Colegio Nacional de Monserrat is a public college preparatory high school in Cordoba, Argentina. Patterened after the European gymnasium, the school is the second oldest of its type and one of the most prestigious in Argentina.
The Real Colegio Convictorio de Nuestra Senora de Monserrat was founded in Cordoba on August 1, 1687, by the Society of Jesus. Its founder and first director was Father Ignacio Duarte Quiros, a Cordoba priest who volunteered and donated all his property to that effect. King Charles II of Spain signed the decree authorizing the establishment, whose implementation was entrusted to the Governor of Cordoba, Captain Tomas Félix de Argandona. The college began operations as a boarding school on April 10, 1695, and was ultimately awarded a permanent certification by King Philip V, on December 2, 1716.
The college was transferred to the Franciscan Order upon the 1767 Papal suppression of the Society of Jesus. The college was moved from the Duarte House to the current location, and its relocation was completed on February 9, 1782.
The institution was transferred in 1807 to Secular Clergy, pursuant to a Royal Decree of 1800 signed by King Charles IV of Spain by which he created the "Royal University of San Carlos and Our Lady of Montserrat." This new charter, which included what later became the National University of Cordoba, was accompanied by major curricular reforms enacted by the Rector of the University and College, Dean Gregorio Funes.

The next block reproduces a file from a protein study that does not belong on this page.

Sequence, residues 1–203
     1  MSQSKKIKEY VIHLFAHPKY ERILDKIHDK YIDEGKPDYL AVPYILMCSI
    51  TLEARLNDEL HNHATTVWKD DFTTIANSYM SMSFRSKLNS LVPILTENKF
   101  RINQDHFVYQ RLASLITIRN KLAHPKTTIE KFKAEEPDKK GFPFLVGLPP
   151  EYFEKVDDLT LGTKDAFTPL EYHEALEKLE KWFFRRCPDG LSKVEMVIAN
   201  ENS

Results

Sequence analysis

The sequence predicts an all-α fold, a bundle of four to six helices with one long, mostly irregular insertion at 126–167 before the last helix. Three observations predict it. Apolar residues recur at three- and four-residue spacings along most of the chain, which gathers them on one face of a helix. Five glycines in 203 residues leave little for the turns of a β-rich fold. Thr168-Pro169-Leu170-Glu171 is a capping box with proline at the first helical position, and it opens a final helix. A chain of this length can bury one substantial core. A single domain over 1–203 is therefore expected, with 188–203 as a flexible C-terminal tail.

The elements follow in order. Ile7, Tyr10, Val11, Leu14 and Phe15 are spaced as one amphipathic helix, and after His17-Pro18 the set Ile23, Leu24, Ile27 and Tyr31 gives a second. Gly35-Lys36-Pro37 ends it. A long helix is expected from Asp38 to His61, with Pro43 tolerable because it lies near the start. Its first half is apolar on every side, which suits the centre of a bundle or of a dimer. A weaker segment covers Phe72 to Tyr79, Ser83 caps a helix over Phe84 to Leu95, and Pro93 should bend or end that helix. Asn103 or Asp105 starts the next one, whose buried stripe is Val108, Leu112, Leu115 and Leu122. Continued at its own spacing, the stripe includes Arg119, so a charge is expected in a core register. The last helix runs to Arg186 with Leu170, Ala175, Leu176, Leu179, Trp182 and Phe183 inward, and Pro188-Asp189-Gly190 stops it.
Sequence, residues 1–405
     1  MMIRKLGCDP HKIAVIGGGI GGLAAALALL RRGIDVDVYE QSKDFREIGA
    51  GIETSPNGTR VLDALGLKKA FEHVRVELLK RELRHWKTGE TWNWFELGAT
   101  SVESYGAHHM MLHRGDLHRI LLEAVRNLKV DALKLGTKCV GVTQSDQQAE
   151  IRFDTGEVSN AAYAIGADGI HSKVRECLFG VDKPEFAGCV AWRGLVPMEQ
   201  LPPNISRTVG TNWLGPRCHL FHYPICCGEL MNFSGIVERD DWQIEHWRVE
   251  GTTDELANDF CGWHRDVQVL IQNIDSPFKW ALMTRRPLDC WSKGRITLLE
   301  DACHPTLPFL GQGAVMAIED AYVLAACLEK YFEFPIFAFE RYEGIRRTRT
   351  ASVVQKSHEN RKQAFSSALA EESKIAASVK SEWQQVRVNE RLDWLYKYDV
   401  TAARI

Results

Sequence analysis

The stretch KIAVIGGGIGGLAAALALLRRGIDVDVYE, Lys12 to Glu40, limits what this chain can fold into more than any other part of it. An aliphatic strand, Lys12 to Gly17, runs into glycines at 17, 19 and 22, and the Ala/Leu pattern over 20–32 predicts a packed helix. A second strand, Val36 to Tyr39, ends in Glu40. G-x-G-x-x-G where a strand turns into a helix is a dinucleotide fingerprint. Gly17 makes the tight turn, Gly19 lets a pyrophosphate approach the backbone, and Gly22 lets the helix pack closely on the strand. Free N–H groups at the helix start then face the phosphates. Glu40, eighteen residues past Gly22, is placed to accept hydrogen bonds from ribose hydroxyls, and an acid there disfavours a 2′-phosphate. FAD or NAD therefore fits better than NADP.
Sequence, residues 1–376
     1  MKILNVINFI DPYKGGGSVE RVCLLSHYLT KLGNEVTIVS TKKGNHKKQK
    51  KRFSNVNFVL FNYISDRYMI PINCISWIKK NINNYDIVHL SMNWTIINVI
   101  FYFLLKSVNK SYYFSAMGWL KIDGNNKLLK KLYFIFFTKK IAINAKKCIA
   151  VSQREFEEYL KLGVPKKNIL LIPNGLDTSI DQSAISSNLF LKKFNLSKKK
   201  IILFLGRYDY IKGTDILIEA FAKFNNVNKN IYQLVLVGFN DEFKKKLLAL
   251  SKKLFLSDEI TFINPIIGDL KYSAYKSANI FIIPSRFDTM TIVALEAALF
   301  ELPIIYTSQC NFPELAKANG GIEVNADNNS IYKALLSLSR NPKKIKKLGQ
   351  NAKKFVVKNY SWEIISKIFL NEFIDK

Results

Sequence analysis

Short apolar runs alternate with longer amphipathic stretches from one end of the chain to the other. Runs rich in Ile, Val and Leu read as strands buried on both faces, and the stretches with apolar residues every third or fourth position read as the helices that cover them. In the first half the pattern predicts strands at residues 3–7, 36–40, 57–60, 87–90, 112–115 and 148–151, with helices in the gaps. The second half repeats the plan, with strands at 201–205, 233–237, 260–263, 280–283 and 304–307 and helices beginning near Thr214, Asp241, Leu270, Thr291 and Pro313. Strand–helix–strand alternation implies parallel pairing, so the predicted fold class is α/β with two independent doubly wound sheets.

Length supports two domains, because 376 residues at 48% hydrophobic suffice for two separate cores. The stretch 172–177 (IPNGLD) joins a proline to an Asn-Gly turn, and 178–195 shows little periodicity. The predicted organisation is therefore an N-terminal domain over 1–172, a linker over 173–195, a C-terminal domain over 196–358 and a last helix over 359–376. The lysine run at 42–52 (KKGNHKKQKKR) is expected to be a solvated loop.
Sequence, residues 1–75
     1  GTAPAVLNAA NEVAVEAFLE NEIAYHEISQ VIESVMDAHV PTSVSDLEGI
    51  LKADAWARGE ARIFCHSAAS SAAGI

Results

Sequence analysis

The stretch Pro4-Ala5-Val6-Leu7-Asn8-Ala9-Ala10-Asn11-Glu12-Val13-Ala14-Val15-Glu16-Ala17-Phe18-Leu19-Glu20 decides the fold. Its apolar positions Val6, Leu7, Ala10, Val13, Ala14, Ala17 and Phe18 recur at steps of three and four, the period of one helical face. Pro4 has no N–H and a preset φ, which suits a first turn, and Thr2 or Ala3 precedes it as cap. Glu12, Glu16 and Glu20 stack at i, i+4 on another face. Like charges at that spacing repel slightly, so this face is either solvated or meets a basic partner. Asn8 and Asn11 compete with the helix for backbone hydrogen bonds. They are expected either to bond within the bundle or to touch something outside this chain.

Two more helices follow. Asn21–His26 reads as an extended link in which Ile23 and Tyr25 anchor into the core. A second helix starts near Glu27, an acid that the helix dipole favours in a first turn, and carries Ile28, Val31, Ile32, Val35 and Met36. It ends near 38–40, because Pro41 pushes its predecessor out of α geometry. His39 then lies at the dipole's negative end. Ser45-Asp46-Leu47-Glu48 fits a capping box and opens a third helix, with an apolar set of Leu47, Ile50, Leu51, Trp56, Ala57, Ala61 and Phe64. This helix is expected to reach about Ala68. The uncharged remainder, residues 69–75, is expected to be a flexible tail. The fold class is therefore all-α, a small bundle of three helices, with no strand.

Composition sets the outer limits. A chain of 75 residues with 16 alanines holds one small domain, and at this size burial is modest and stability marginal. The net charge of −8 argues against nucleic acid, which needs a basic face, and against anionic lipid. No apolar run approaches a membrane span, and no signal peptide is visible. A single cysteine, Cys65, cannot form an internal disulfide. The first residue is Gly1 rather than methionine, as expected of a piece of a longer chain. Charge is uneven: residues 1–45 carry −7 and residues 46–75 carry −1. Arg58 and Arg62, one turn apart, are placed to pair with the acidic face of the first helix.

The College and the University were nationalized in 1854. The former was converted from a boarding school into a secondary school in 1858, and under the aegis of the "National School" system administered by the National Institute of Public Instruction from 1881 onward. A new building was commissioned by Dr. Eusebio de Bedoya, and completed in 1864.
The school was made an affiliate of the University in 1907. The building was adorned in 1927 with Spanish Colonial Revival doorways, windows, and fixtures during a renovation commissioned by Rector Rafael Bonet, and designed by Jaime Roca. monument to its founder, Father Ignacio Duarte Quiros, was unveiled in the central courtyard in 1937. The College of Monserrat was declared a National Historic Monument on July 14, 1938. The Monserrat College became a center of nationalist and conservative agitation in subsequent decades. The college newspaper, El Pampero was established by fascist writer Enrique Oses, and became a leading nationalist publication prior to the 1943 coup d'etat.
The institution, an all-boys school throughout its history, was made coeducational by order of the University in 1997, the school's total enrollment in 2010 included, for the first time, more girls than boys. The Jesuit Block of Crdoba, which includes the campus, was declared a World Heritage Site by UNESCO on November 28, 2000.